What do spotted bowerbirds look like?
Both male and female spotted bowerbirds have a mottled brown appearance, with a bar of lilac on the back of their necks. The mottled plumage ranges from fawn-brown with dark spots on the neck, to dusky-brown or black with buff spots on the back and wings.
How do they decorate their bowers?
This intricate structure consists of twin parallel walls of finely interwoven dry stems, set in a foundation-mat of crossed sticks. It is located on the ground under shrubs, facing a north-south direction.
With his beak, the male dabs a red-brown mixture of saliva and grass juice on the inner walls. At each end of the bower, up to a metre of ground is cleared and decorated with neat piles of white and pale green objects. Bones, pebbles, snail shells, seeds, berries and even pieces of glass are used.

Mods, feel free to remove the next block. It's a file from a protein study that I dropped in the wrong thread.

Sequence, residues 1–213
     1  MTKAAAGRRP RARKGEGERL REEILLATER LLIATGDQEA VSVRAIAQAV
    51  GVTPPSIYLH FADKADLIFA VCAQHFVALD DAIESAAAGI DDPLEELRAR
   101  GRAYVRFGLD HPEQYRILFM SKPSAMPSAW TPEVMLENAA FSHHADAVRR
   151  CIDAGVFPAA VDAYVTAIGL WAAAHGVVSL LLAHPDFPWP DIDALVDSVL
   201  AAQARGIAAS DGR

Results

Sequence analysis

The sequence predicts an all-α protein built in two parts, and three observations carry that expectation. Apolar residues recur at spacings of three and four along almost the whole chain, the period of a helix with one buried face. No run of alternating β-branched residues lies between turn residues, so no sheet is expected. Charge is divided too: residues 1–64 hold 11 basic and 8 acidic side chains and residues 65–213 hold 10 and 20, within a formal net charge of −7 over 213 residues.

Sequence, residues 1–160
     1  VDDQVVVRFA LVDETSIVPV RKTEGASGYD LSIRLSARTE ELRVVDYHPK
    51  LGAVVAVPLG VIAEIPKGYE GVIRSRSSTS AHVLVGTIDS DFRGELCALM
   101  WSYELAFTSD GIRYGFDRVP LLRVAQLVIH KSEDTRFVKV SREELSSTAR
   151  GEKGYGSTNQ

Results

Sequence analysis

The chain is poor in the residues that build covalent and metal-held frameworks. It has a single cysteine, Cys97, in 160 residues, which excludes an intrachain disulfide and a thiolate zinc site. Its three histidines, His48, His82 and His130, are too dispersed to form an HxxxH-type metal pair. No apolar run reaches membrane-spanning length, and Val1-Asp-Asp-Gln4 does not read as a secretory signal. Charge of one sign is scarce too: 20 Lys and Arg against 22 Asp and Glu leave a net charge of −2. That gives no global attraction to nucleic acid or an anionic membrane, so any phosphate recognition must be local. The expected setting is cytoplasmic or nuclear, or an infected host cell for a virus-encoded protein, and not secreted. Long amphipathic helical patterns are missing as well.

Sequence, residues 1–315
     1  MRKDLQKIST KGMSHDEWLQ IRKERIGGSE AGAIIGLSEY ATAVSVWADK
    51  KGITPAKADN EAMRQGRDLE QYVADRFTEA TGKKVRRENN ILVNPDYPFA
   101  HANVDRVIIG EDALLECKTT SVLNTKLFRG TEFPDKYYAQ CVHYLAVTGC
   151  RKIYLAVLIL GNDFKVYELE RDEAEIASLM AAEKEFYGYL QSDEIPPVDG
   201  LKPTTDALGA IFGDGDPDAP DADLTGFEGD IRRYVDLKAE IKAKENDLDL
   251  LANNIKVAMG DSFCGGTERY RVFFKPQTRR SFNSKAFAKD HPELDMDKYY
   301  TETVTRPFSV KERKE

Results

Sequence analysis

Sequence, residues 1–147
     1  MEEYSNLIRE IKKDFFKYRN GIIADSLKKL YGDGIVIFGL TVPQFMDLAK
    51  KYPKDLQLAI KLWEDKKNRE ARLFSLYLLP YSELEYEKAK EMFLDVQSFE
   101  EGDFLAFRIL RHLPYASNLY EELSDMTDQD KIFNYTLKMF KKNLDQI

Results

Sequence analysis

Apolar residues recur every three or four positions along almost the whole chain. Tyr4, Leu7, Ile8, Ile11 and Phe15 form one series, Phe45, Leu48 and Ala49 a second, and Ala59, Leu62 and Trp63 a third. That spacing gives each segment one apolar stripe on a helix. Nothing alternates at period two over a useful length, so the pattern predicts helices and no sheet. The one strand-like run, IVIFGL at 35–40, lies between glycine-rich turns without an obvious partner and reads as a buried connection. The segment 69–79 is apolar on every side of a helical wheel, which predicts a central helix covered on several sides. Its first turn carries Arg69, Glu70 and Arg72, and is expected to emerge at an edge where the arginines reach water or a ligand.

Where do they live?
In NSW, spotted bowerbirds are found in grassed woodlands on the western slopes and plains. They often live around homesteads, making their bowers in residents' gardens.
What happens during the breeding season?
During breeding and through the rest of the year, the male spends time tending, watching and 'singing' over his bower. Males mate with several females during the breeding season, and the females nest and rear the young on their own.
Page last updated: 15 April 2011